‘It pays to have an actual job’: Artists share their side hustles


Photo courtesy of Scott Andrew

Scott Andrew, a multimedia artist and part-time Pitt studio arts instructor, teaches as a means of supporting his art career.

By Charlie Taylor, Culture Editor

Pittsburghers might know actor and playwright Alec Silberblatt from his work with Pittsburgh Public Theater and PICT Classic Theater. His fellow New Yorkers also know him for his theatrical talents — and as the guy at their local coffee shop.

Silberblatt isn’t alone in his dual role as both actor and coffee shop employee — he’s just one of many artists across the country working a side hustle. When art alone fails to put food on the table, these performers, writers, photographers and painters teach classes and bus tables in order to make ends meet and support their passions.

Silberblatt, who is from Pittsburgh and currently lives in New York, has also worked stints as a busboy, a tour guide of Manhattan restaurants and a teaching artist at an after-school program. Although he’s received plenty of acting jobs over the years, Silberblatt said limited job security in theater often leaves artists looking for side gigs, since plays typically run for just six weeks.

“Probably the scariest part about being in the arts — and there’s nothing you can do about it — after six weeks, show’s over,” Silberblatt said. “The transient nature of the business is what makes it difficult, especially in terms of health care.”

And theater isn’t the only arts profession with low or inconsistent wages. According to Scott Andrew, a multimedia artist and part-time Pitt studio arts instructor, making a career out of visual arts can be a “crapshoot.”

“You either find the right way to impress the right people to get famous and that works for you, or it doesn’t,” Andrew said. “I wish I could say something more upbeat about that. I think that artists who really want to make work have to be committed to realizing that that’s probably not where their primary income is gonna come from.”

Still, Andrew has found a way to marry his side hustle with his artistic pursuits. Having taught art at both the high school and college level, Andrew uses his background to train the next generation of artists, although he said he still views teaching as a means of supporting his art career.

“I’ve always been oscillating back and forth between my art practice and teaching in some way,” Andrew said. “I view my art career to be my actual career, and then teaching is what allows that to happen. It’s a way to make money in order for that to happen. I also happen to really like teaching, so it works out really well.”

According to Andrew, teaching does more than just make ends meet — it allows him to develop skills and make connections that he might not have if he focused on an art career alone.

“There’s been times where I have to teach something that isn’t a core part of my practice, but I have to learn that in order to teach it. And that might end up becoming skills that I use more in my own work,” Andrew said.

Andrew said most of his work involves collaboration with other artists, from drag queens to musicians to dancers. One of these collaborators is Jesse Factor, a dance instructor at nearby Slippery Rock University whose accolades include work with the Martha Graham Dance Company and a North American tour of “Cats.”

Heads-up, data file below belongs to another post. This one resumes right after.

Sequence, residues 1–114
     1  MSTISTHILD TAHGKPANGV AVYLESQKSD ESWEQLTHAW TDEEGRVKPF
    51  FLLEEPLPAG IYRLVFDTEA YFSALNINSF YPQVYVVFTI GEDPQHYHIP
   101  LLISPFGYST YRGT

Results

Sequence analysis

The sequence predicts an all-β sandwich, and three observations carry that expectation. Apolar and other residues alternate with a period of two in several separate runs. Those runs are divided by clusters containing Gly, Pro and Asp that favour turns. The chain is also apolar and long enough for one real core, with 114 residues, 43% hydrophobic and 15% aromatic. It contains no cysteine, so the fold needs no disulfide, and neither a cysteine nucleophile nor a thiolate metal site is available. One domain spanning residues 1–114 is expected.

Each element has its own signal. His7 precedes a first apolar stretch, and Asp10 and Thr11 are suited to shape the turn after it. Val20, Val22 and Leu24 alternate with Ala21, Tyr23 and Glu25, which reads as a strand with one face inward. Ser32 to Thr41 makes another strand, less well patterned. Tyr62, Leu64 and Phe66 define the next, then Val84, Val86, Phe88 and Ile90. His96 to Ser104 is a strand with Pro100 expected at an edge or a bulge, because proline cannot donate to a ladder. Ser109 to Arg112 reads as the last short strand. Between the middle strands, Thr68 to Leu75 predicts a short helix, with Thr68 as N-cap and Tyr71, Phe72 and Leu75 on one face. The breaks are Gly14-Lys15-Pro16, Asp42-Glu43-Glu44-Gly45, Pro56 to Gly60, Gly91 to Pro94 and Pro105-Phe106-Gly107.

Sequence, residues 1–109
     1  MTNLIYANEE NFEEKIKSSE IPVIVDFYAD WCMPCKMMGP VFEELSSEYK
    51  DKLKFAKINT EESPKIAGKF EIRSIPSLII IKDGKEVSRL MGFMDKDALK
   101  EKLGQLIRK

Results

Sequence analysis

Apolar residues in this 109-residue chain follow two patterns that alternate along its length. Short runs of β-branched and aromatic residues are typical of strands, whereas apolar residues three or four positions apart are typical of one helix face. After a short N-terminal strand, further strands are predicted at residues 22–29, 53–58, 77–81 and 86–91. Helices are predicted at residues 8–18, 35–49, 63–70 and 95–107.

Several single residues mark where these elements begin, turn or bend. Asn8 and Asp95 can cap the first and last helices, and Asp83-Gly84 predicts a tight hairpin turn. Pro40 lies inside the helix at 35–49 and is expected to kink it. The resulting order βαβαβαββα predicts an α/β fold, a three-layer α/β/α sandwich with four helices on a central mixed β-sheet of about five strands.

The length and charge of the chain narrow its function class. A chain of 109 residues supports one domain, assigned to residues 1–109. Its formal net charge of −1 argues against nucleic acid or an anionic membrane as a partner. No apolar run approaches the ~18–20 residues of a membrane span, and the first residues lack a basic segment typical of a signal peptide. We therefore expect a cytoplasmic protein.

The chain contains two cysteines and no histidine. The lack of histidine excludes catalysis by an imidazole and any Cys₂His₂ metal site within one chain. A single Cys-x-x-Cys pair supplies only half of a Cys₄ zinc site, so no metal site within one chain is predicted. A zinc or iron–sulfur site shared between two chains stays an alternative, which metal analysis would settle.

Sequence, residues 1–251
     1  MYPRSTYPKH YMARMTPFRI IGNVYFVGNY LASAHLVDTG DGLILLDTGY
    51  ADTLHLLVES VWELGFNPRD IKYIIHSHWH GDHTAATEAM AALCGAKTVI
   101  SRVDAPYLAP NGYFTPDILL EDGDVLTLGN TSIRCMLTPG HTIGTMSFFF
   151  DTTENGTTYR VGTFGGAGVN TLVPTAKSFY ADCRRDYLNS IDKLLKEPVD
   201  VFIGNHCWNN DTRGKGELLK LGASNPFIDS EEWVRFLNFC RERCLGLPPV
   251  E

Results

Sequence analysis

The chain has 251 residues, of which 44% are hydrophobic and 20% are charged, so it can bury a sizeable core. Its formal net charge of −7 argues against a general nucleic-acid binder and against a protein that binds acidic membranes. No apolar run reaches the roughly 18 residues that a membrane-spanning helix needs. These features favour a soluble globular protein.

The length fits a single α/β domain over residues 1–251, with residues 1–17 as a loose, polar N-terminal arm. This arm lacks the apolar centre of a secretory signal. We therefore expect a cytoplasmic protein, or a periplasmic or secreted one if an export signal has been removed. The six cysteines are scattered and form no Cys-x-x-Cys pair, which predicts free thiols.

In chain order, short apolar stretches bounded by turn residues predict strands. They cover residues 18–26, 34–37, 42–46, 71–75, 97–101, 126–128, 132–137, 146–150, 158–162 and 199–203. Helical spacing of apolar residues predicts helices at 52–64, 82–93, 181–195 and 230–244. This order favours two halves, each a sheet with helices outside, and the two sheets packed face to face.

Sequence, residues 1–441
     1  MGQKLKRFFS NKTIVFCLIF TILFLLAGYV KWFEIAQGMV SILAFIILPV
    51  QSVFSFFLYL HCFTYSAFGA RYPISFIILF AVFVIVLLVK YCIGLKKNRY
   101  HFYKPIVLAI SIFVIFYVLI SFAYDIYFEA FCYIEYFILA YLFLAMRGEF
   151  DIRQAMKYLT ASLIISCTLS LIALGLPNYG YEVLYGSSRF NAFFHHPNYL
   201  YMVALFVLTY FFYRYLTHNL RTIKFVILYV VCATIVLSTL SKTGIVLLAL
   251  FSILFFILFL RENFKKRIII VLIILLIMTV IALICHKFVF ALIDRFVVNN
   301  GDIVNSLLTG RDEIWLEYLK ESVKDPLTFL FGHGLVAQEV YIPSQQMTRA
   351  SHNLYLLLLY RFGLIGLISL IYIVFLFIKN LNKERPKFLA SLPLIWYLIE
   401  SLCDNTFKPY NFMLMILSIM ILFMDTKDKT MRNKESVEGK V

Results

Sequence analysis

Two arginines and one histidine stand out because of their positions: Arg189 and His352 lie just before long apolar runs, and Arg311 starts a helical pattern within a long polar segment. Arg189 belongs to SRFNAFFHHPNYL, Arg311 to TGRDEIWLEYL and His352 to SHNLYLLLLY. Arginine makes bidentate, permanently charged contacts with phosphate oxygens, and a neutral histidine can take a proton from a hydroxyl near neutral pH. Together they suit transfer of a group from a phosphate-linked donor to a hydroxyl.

Factor, who is originally from Mercer, lived in New York for 17 years before going to graduate school and later finding his job at Slippery Rock. He said even though most of his income at the time came from his dance career, he worked a number of odd jobs, including handing out fliers for a chiropractor, working at front desks and selling candles and soap.

According to him, working temporary or more flexible jobs allowed him to leave for dancing gigs in other cities, as well as gain a range of new experiences.

“I got all these different experiences that sometimes were more short-term or more long-term assignments. One of them was working for a magazine in the Conde Nast building,” Factor said. “It was kind of like ‘Devil Wears Prada’ for a couple weeks.”

Unlike Andrew, however, Factor said he considered teaching less of a side hustle and more of an arts career in and of itself.

“[Teaching] takes up the bulk of my professional life,” he said. “Part of teaching is the creative research, so those artistic challenges and that creative life is still very much a part of my job.”

Silberblatt has also applied his experiences at his side jobs to his artistic pursuits — even though few of them seem to relate to theater. While working at a bakery in 2014 and 2015, he wrote and filmed nine episodes of a web series, called “BAKERY: a web series.”

“We would close at 10, and then from 10 until 12 I would invite my friends over and we would shoot an episode of the web series at this bakery I worked at,” he said. “It’s not very good. I made it when I was in my early, mid-20s, so I don’t know that I’m very proud of it anymore.”

And even if actors don’t use their places of employment as free film sets, Silberblatt also said working a “real job,” especially in the service industry, can give actors inspiration and help them portray their characters more realistically.

“It pays to have an actual job,” he said. “It pays to do something you don’t want to do, and have to get up and go to work and drag yourself to the subway. To me, that has been a valuable insight into people in general and the American condition.”